Check You Employment Agreement’s Restrictive Covenant
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A recent decision by the U.S. District Court for the Southern
District of New York in Flatiron Health, Inc. v.
Carson1 found that an employer’s restrictions
on a former employee were unenforceable. This case highlights a
knot that has formed in the law of non-compete agreements. To
untangle the knot, a trial court must look past an accumulation of
other trial court decisions, to the appellate decision that started
it all. That is what the federal trial court effectively did in
The Law of Restrictive Covenants
Contract law treats employee non-compete agreements differently
than other agreements. In New York, as in many other states, these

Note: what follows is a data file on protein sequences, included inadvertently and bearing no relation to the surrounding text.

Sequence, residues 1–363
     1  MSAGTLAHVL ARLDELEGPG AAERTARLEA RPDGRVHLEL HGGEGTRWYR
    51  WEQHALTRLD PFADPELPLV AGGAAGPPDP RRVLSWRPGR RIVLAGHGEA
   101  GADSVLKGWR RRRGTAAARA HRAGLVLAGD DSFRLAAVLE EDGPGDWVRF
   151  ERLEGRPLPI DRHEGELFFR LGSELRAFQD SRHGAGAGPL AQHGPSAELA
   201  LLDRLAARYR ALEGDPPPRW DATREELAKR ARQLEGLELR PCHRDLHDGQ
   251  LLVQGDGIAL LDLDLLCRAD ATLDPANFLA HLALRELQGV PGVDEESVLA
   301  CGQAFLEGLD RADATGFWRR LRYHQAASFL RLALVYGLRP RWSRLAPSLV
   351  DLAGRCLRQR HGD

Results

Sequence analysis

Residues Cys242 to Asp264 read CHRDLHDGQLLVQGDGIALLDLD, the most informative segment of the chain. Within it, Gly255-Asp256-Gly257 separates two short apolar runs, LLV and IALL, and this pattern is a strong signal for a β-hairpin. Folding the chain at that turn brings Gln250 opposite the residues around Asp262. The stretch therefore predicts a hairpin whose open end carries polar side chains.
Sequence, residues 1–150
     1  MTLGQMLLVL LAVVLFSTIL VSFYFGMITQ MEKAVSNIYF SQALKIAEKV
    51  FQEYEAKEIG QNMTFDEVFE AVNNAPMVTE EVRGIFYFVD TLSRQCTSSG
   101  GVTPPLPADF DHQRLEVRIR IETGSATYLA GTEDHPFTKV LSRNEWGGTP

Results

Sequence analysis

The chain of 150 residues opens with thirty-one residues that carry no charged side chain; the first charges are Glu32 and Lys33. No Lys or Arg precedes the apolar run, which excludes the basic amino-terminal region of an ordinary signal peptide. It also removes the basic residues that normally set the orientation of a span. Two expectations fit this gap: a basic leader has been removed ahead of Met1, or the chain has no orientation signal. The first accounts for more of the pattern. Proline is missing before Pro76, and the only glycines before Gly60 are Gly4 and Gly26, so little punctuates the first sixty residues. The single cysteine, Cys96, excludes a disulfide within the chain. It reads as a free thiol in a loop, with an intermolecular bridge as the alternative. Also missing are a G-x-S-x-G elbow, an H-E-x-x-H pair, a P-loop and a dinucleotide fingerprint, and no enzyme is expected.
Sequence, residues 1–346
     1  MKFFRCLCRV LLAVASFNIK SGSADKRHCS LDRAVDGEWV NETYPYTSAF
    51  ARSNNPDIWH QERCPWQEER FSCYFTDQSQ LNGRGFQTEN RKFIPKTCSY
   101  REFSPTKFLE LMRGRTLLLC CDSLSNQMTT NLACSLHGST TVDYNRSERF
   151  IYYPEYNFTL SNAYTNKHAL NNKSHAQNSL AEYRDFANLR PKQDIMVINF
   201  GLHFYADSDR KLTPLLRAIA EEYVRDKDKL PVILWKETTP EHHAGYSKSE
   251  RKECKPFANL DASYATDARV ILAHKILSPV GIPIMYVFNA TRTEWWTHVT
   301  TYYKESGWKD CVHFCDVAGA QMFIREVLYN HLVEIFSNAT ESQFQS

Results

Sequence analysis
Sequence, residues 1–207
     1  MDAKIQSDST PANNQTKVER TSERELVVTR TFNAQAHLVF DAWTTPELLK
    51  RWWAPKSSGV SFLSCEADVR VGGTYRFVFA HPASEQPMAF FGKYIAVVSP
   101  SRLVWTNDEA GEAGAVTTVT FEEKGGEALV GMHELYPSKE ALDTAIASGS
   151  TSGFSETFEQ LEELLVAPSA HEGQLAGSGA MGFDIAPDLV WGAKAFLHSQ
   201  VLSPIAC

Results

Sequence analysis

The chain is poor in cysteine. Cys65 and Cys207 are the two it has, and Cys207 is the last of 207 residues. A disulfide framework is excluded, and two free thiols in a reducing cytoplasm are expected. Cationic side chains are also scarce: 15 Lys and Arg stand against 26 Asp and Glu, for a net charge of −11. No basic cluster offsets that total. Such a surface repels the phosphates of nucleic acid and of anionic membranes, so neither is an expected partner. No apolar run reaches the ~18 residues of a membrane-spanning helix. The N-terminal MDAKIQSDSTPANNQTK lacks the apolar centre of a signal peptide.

agreements are looked at unkindly. It is not infrequent that an
employer is unable to enforce a non-compete agreement.
More generally, these kinds of agreements are called
restrictive covenants in employment contracts. This covers
two kinds of agreement that often come up. One kind is non-compete
agreements, because the employer has said to the employee,
“After you leave, do not compete with me.” The other kind
is non-solicitation agreements, because the employer has said to
the employee, “After you leave, just don’t pitch to my
customers or entice away my employees.” Both of these kinds of
agreements are a restrictive covenant in an employment
1. No. 19 Civ.8999, 2020 WL 1643396
(S.D.N.Y. Apr. 1, 2020).
Originally published May 26, 2020
The content of this article is intended to provide a general
guide to the subject matter. Specialist advice should be sought
about your specific circumstances.
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